Raymond Chandler books

Blasts from the Past

Confession: I haven’t been keeping up with upcoming releases this summer. However, I have done a fair amount of reading. Because I’m working to whip a novel draft into shape before the ACFW Conference in September so I can pitch it to editors/agents, my summer reading has consisted of mysteries. And, because I have a handful of Raymond Chandler books on hand, I’ve been reading those.

Chandler was a master of descriptive narrative and internal dialogue, two things that are necessary in most genres of fiction, but vital for first-person point of view works, which is what I’m writing. So, while I’ve enjoyed the pleasure of reading well-written prose, I’ve also been infusing my brain with research.

Of course, Chandler’s books are definitely not Christian fiction, as there is much drinking and smoking done by nearly all the characters, but they are considered classics, and many writing craft books include his writings among their lists of authors to study.

The genre is hard-boiled detective, which was very popular during the Maltese Falcon days. Chandler is well-known for one-liner descriptions that immediately give the reader a mental image. For instance, in one book he describes a woman (who is attempting to flirt with the protagonist) by saying “Her legs had more tone than a lyric poem.” In another scene, Marlowe, the quintessential private eye, is caught while searching an apartment by someone with a flashlight. He says (via internal dialogue): The flash pinned me against the wall like a squashed fly.

Another series of (non-Christian) books I’ve read from this summer is that of Janet Evanovich’s popular Stephanie Plum mysteries. The protagonist in my mystery series is modeled loosely after Plum, although my series will be written for the Christian market, as this secular series includes a lot of sexual references (although not graphic, but still . . .) and bad language. I think it’s a shame for authors to feel the need to include such things when otherwise, the writing and story is superb.

Again, that reading was done mostly for research. Evanovich and Sue Grafton have written dozens of books in their mystery novel series, and my goal is to create such a series for readers to enjoy without having to trudge through unwanted words.

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Linda Fulkerson

Linda Fulkerson is a blog coach, social media strategist, and small business marketing consultant. She is the owner of DLF Digital Services in central Arkansas and frequently presents workshops and seminars about online marketing to small business owners and writers. You can learn more about Linda by viewing her profile page.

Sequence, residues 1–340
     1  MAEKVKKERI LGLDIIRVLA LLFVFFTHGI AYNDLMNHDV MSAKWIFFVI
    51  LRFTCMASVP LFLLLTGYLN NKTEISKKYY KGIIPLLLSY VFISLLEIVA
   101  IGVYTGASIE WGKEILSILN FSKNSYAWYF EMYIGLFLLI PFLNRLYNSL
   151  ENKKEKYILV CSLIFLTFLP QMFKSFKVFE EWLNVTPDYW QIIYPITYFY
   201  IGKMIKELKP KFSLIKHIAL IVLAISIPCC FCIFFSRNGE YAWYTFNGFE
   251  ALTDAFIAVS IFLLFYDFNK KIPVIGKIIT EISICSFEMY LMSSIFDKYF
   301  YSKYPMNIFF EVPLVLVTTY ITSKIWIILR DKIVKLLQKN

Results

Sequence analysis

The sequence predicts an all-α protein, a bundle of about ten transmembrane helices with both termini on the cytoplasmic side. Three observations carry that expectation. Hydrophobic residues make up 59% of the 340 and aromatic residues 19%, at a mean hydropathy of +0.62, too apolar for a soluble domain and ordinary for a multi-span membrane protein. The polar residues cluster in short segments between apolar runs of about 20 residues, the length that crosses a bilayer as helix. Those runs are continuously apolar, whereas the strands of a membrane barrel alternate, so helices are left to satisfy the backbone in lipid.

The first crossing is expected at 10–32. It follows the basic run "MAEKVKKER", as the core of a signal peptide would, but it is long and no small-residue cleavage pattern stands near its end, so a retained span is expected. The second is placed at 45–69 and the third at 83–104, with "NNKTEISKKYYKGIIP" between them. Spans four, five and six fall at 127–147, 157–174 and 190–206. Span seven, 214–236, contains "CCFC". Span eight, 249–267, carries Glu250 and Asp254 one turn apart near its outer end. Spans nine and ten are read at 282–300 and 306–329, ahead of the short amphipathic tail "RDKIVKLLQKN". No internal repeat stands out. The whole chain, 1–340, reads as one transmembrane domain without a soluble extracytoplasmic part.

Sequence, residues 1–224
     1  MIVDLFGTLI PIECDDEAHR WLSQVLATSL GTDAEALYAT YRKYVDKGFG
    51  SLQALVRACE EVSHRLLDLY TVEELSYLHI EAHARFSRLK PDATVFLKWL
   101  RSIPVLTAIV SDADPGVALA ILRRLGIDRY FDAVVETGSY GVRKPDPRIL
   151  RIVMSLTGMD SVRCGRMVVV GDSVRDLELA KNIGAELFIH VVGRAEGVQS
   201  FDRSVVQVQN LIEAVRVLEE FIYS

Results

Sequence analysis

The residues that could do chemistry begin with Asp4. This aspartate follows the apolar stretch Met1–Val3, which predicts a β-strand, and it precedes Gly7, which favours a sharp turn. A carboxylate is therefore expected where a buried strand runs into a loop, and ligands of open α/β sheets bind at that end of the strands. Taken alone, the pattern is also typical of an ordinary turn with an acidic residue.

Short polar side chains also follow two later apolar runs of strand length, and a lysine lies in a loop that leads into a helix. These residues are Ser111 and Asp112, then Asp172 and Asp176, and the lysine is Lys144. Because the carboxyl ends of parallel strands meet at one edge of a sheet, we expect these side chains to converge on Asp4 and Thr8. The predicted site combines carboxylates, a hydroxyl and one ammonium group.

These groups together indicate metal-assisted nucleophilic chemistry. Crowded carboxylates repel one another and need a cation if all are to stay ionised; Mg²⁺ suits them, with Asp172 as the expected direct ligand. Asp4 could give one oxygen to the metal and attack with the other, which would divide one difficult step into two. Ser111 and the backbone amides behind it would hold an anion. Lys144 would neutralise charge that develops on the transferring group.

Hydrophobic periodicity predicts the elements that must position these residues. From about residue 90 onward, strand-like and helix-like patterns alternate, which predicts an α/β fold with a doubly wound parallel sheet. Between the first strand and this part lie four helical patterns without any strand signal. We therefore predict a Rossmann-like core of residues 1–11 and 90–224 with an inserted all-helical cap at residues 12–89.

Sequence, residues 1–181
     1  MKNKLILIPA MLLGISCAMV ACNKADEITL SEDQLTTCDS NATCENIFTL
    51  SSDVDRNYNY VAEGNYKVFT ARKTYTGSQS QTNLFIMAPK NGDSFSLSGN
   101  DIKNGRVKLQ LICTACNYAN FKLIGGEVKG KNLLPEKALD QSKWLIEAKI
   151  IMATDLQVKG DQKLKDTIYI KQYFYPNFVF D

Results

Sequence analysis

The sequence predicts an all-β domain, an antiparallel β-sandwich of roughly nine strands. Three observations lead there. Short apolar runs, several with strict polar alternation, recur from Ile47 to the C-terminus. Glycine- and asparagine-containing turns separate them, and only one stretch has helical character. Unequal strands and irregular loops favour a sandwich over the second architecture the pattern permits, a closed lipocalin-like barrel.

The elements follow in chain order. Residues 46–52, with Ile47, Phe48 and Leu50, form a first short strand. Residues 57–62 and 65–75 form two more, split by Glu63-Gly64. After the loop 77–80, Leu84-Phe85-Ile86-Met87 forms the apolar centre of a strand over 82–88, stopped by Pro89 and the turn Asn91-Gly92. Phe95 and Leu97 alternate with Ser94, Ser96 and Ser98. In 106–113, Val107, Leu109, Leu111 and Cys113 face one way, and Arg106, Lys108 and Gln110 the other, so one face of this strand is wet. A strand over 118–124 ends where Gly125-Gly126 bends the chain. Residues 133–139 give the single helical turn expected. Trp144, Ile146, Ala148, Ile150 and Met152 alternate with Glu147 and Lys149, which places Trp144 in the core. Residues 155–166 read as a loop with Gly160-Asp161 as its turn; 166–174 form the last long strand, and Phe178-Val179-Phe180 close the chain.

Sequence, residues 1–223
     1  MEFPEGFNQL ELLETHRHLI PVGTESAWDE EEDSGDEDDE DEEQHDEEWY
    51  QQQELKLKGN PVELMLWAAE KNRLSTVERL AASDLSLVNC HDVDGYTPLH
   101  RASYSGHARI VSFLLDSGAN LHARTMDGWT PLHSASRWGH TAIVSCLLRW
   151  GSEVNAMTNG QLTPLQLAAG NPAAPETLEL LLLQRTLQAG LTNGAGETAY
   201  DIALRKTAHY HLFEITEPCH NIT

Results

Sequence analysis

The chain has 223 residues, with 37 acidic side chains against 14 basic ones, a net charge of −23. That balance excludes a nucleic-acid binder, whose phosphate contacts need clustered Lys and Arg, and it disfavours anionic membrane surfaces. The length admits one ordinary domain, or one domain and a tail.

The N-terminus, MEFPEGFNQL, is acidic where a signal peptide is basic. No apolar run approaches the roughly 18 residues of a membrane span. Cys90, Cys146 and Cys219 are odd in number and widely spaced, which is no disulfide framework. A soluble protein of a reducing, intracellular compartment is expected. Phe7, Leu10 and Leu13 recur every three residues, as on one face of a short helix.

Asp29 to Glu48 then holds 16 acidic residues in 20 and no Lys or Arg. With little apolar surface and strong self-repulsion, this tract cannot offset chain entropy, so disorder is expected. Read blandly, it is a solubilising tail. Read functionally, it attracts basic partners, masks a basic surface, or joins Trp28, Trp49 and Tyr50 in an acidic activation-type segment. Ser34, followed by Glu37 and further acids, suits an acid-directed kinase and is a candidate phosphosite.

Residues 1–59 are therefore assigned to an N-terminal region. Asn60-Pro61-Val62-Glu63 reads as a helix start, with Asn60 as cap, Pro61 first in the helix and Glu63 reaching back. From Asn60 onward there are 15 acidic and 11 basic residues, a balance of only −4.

5 thoughts on “Blasts from the Past”

  1. I’ve had several people tell me to read Janet Evanovich, but I have yet to succumb. Some day I will just to see what all the fuss is about.

  2. There is much to be learned from every book we read. Mysteries are good for plot structure. There should be enough foreshadowing to give us clues, but not so much that the conclusion is obvious. Nothing is more irritating than to get to the end, and find that some totally new character “did it.” Thanks for reminding me that I need to venture out of my “comfort genre” from time to time.

  3. Linda, I LOVE mysteries and am working on one of my own as well. Best of luck with your writing! (I personally am an Agatha Christie fan!)

  4. I can see where you’d need to read various books for research, especially for plot structure, descriptive narrative and internal dialogue. I guess for me, I’d hate to have to skim pages due to language or other not so great scenes. So I’ll stick strictly to reading Christian fiction…and I do adore mysteries/suspense! 🙂 I’ve found plenty of authors who deliver that in the Christian fiction market….I have a few of my favorite ones out there!

  5. I have never heard of these books. They sound good! I need to do some reading for research as well and just have been putting it off. As I’m thinking of entering the historical world, those readings are interesting but not always page turning!!

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